Buffered Local Anaesthetic
The administration of local anaesthetic can be painful. There are many factors that influence pain. These are needle insertion, pH of the solution, osmolarity, temperature of the solution, pressure from fluid distension, and genetic variants of the patients sodium channels. In the US, many doctors routinely buffer their lidocaine as an evidence based way to reduce patient discomfort. In the authors experience, it is relatively unknown in New Zealand and this low usage rate is believed to be based on cultural factors rather than the evidence. Sodium bicarbonate is easily available on Practitioners Supply Order in New Zealand.
Lidocaine is a weakly basic amide and is unstable at its pH of 7.9. It is therefore prepared in acidic formulations to increase stability and shelf life, with a resultant pH of 2.5-4.0. This acidity, which is 1000 times more acidic than physiological pH, can cause tissue irritation with a stinging or burning pain.
In addition, raising the pH increases the amount of the non-ionized (active) form, and reduces the charged hydrophilic (non-active) form. The active form readily permeates the nerve membrane, and at the physiological pH, there are 2,500 more of the active form than at a pH of 3.8. With non-buffered lidocaine, the body has to first naturally buffer the solution which causes a longer duration of burning.
When sodium bicarbonate is mixed with an acidic lidocaine solution, water and carbon dioxide are formed. CO₂ has an independent direct local anaesthetic effect, and it enhances the action of lidocaine. CO₂ directly deactivates the nerve axon, and indirectly increases the anaesthetic effect by changing its electrical charge.
It is recommended that osmolarities of solutions should not exceed 600mOsm/kg for injections, and 1,000mOsm/kg for infusions. There is some evidence that solutions with lower osmolarities are more painful. Sodium bicarbonate increases the osmolarity of the solution.
There is limited guidance as to how long buffered solutions can be stored before use, but there is some evidence that it has a shelf life of around one month. In practice the buffering is done immediately prior to the procedure.
There have been many studies that have looked at buffering lidocaine with sodium bicarbonate to reduce its acidity. Sodium bicarbonate is safely metabolised by the kidneys. A Cochrane review in 2010 included 23 studies, and found that increasing the pH of lidocaine decreased pain with infiltration. Parallel group studies include 2 independent groups receiving different treatments, whereas in crossover trials, each patient receives both treatments. The difference was -1.98 on a 0 to 10 scale in the cross-over studies, and -0.98 in the parallel group studies. There was a greater decrease in pain when the injectate contained adrenaline. Patients also preferred buffered lidocaine. It was safe with no adverse events or toxicity. Buffering also does not reduce the anaesthetic effect.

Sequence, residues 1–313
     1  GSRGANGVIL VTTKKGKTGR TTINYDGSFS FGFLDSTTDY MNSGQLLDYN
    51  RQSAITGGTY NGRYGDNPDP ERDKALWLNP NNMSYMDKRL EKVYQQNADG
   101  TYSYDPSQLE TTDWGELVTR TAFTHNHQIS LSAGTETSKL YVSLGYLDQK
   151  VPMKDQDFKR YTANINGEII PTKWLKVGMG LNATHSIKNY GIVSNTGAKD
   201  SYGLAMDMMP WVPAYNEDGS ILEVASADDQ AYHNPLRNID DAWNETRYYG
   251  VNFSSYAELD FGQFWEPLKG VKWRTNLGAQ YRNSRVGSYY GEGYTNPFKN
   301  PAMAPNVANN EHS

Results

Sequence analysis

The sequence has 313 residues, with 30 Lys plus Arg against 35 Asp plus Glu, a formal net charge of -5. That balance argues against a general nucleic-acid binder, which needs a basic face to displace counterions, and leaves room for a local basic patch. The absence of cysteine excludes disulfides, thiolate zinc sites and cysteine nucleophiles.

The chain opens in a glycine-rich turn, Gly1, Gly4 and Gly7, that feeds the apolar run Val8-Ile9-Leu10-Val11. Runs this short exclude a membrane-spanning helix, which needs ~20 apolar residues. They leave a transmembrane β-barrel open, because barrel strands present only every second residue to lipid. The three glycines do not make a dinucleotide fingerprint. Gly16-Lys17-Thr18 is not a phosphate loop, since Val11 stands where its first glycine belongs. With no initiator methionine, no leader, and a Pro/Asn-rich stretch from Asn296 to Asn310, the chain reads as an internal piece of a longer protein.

A common mixture is 9:1 of 1% lidocaine and 8.4% sodium bicarbonate. It can also be used with adrenaline. Various other ratios have been used (10:1 - 5:1). More recently an RCT of 48 participants found that a 3:1 mixing ratio was significantly less painful than a 9:1 ratio. Median numerical pain ratings where 2.0 for 3:1, 3.0 for 9:1, 4.5 for unbuffered, and 6.0 for normal saline. While both a 9:1 and 3:1 solution effectively neutralises the pH, it is thought that the extra CO₂ that is produced in the 3:1 could explain the extra analgesic effect. In the 48 participants, one person had a deep subcutaneous nodule that disappeared after two months, and five people had local tenderness for 1-2 days.
Zaiac et al compared diluted lidocaine in a 1:10 ratio with saline, versus buffered lidocaine in a 1:10 ratio with sodium bicarbonate. The diluted lidocaine group was reported to be less painful by 28 out of 31 participants.
TODO: check maths
- Plain buffered, 10mL volume
- 9:1 = 9mL lidocaine, 1mL sodium bicarbonate
- 3:1 = 7.5mL lidocaine, 2.5mL sodium bicarbonate
- Plain buffered, 5mL volume
- 9:1 = 4.5mL lidocaine, 0.5mL sodium bicarbonate
- 3:1 = 3.75mL lidocaine, 1.25mL sodium bicarbonate
- Dextrose Solutions 20%, 10mL volume
- 9:1 = 4mL dextrose, 1mL sodium bicarbonate, 5mL lidocaine
- 3:1 = 4mL dextrose, 2.5mL sodium bicarbonate, 3.5mL lidocaine
- Vent et al.. Buffered lidocaine 1%/epinephrine 1:100,000 with sodium bicarbonate (sodium hydrogen carbonate) in a 3:1 ratio is less painful than a 9:1 ratio: A double-blind, randomized, placebo-controlled, crossover trial. Journal of the American Academy of Dermatology 2020. 83:159-165. PMID: 31958526. DOI.
- Frank & Lalonde. How acidic is the lidocaine we are injecting, and how much bicarbonate should we add?. The Canadian journal of plastic surgery = Journal canadien de chirurgie plastique 2012. 20:71-3. PMID: 23730153. DOI. Full Text.
- Wu et al.. Cost analysis of the use of buffered lidocaine 1%, epinephrine 1:100,000 with sodium bicarbonate in a 3:1 ratio over a 9:1 ratio. Journal of the American Academy of Dermatology 2021. . PMID: 33516771. DOI.
- Cepeda et al.. Adjusting the pH of lidocaine for reducing pain on injection. The Cochrane database of systematic reviews 2010. CD006581. PMID: 21154371. DOI.
- Zaiac et al.. Virtually painless local anesthesia: diluted lidocaine proves to be superior to buffered lidocaine for subcutaneous infiltration. Journal of drugs in dermatology : JDD 2012. 11:e39-42. PMID: 23134997.
- Reviews from the last 7 years: review articles, free review articles, systematic reviews, meta-analyses, NCBI Bookshelf
- Articles from all years: PubMed search, Google Scholar search.
- TRIP Database: clinical publications about evidence-based medicine.
- Other Wikis: Radiopaedia, Wikipedia Search, Wikipedia I Feel Lucky, Orthobullets,